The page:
Friday, June 12, 2009
I don't write a lot about this guy anymore, not because he doesn't fill my world with stories-- quite the opposite-- but since he turned 10, and started making faces like the one above almost every time I pull out my camera, I've become so aware that his life is becoming his own. And that means I need to be careful when I want to write about Noah, to ask his permission to send my enthusiasm and awe out into this great abyss.
But I couldn't let this one go, and so, I was kindly given the green light by my little sailor man (who will, no doubt, be ready to string me up if he decides to read this..."Little sailor man" is not exactly a cool nickname).
I wrote a year ago about Noah discovering sailing (and sailing inspired Fourth of July floats).
He loves everything (but capsizing) there is to the sport. He talks about these things: how fingertips flutter instead of sink as they skim the water when under sail; the way it feels be called for skipper the first time; the smells of lake and wind and sun and stinky boat that melt from his skin into his sheets at night; the totally awesome teenagers, like Josh and Norm,
that he gets to hang out with every day, as if they are truly the epitome of a life well-lived.
This winter, while waxing poetic as only Noah can to a sailing legend who happens to live in our town, my child got a very big invitation: to sail with this wealth of knowledge every Tuesday night during the Yacht Club's race series. Justin, who, in a previous (aka pre-married) life made a living racing sailboats, heard this news like it was a gift from heaven. Noah, who knew Norm (the teenage hero) also crews the boat (as does his sailing school director) heard that he got to hang out with "the coolest dudes ever" for three extra hours a week. Me? I just heard sailboat. fast. child on board.
This Tuesday was Noah's first stint on Surprise. We were both nervous wrecks before he hit the docks. I ran around doing those things a mother does when she's nervous; I overfed him. I dressed him for the arctic circle, during a monsoon season, even though it was 50 and not raining. I checked and rechecked his lifejacket. I forced him to wear said lifejacket the second he stepped out of my car, in the parking lot, 200 feet from the docks.
(hence the "are you kidding me" expression, I think).
For Noah's part, his simply sat in the backseat, asked me to turn up the radio, and said in a quiet voice, "I'm nervous." and "You think I'll be okay, right?"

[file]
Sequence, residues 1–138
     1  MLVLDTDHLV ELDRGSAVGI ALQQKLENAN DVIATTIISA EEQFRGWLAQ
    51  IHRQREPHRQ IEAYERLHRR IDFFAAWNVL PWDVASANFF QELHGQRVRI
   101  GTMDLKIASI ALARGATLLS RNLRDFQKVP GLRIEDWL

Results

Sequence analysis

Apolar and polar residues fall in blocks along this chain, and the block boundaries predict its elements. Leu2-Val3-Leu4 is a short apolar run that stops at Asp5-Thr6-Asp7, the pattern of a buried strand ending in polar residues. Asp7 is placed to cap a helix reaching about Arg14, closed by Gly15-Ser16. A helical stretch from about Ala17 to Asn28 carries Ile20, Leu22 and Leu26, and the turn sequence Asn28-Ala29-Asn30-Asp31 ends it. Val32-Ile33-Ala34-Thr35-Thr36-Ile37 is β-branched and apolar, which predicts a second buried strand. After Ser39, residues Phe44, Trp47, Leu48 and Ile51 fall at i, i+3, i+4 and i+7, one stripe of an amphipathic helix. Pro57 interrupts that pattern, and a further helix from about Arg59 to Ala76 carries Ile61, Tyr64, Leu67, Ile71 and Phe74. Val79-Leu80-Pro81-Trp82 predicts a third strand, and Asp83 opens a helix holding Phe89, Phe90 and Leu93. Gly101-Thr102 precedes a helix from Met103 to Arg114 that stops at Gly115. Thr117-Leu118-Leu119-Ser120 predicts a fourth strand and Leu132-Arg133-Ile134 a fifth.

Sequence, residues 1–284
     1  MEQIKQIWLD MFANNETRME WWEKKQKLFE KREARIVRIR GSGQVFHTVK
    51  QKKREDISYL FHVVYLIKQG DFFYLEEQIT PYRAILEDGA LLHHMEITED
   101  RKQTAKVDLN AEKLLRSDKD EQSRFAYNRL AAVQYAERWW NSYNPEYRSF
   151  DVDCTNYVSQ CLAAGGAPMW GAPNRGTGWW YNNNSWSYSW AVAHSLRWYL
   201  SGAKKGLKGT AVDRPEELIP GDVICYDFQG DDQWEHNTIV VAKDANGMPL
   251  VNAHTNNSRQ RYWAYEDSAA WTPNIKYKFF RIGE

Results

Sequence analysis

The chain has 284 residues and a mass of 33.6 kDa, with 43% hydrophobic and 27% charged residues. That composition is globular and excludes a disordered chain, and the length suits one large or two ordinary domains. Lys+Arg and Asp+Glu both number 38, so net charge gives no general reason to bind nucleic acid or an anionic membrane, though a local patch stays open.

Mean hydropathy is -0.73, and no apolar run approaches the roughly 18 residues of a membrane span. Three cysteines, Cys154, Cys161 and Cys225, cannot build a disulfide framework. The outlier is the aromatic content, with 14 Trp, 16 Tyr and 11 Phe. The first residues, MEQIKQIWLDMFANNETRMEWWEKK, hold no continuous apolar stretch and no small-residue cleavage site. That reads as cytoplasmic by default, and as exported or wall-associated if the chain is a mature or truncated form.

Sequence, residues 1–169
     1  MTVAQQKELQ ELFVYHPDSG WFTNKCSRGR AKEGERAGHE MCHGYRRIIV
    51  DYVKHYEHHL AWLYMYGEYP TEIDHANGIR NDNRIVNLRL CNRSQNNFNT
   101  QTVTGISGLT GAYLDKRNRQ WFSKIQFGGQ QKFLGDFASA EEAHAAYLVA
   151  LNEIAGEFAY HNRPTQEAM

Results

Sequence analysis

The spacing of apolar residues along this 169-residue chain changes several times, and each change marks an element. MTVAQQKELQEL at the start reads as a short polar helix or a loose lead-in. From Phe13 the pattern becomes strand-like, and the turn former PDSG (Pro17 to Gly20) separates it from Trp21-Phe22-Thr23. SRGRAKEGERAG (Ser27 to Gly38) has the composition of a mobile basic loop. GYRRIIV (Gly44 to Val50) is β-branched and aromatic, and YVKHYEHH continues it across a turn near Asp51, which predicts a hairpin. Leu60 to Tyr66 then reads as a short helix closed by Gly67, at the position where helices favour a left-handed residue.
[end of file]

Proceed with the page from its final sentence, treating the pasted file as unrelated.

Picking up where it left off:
The minute we arrived, however, that fog of fear lifted (for him at least) and he was on the boat faster than I could unbuckle Lizzie from her carseat. I stood on the dock for a few minutes, feeling strange and somewhat ackward. He had not needed me to walk him down, to get him settled, to go over pick up times or safety rules. He was simply gone, learning the ins and outs of the boat without even looking back to see if I was still there.
So I snapped a few pictures. And tried not to cry.
For those of you who have older kids, you know this scene well. This moment when you understand that you've arrived at the day when your child feels independent enough to let go without looking back. I didn't know how to feel, so I concentrated on Lizzie squirming in my arms, the chill of the evening air making her bare feet search for warmth again my skin. She would point to Noah's direction and clap, nestle in against me, and then go back to pointing and clapping. I think she got it as well as I did.
Soon enough, the boat left its slip and began disappearing into the harbor.
I went home and began bedtime routines. The baths, the jammies, the snacks. Something kept pulling me back to the water though, and so I packed up Max and Liz and drove along the shore. My breath almost went from me when I saw this:
Do you see? How very far away these boats are? My baby! My first born! On the other side of the bay in a sailboat-- in a race no less-- without a parent's watchful eye. Tension leapt into my breathing. I stopped the car and starred. And then, from the backseat, Max said, "Oh, mom. Noah is racing! Way over there! He is the coolest dude ever." His envious sigh was so big and so reverent that it brought me back to reality. It brought me back to this amazing, beautiful truth: my baby is growing up. And he is one cool dude.
Sailing has been known to draw plenty of metaphors for life. I'll skip that stuff, since it's Noah that is the sailor, not me. Instead I'll simply say this, Noah did something all on his own-- without my protection or guidance or safety net. He's changing. He's learning his way and I'm so filled with respect and admiration that it aches...in the best possible sense of the word. This growing up stuff might not be so bad afterall.